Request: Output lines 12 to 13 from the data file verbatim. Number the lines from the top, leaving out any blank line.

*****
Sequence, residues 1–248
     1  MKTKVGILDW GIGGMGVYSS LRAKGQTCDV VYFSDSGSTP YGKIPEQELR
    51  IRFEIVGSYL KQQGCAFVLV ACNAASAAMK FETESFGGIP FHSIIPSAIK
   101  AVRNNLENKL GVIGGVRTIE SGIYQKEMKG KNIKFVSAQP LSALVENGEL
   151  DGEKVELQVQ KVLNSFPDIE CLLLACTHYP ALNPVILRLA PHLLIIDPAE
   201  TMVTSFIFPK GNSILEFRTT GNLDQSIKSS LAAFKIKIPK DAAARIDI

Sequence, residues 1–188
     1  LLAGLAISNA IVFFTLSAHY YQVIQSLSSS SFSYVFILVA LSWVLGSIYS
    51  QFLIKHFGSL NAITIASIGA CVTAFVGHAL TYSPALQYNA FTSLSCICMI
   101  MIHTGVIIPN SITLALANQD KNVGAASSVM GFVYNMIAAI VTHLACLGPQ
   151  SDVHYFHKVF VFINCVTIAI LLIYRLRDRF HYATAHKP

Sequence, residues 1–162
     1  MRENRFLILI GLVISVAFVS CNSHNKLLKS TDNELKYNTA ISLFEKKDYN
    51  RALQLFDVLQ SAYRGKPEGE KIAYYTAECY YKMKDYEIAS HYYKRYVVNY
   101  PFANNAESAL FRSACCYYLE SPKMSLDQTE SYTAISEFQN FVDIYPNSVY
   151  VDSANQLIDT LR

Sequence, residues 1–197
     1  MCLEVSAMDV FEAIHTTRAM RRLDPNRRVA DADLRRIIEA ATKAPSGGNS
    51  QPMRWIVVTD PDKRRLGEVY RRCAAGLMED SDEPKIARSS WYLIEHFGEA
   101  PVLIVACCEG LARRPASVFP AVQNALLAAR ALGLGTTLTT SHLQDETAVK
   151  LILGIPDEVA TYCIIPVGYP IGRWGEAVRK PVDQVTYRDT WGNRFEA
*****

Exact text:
Sequence, residues 1–162
     1  MRENRFLILI GLVISVAFVS CNSHNKLLKS TDNELKYNTA ISLFEKKDYN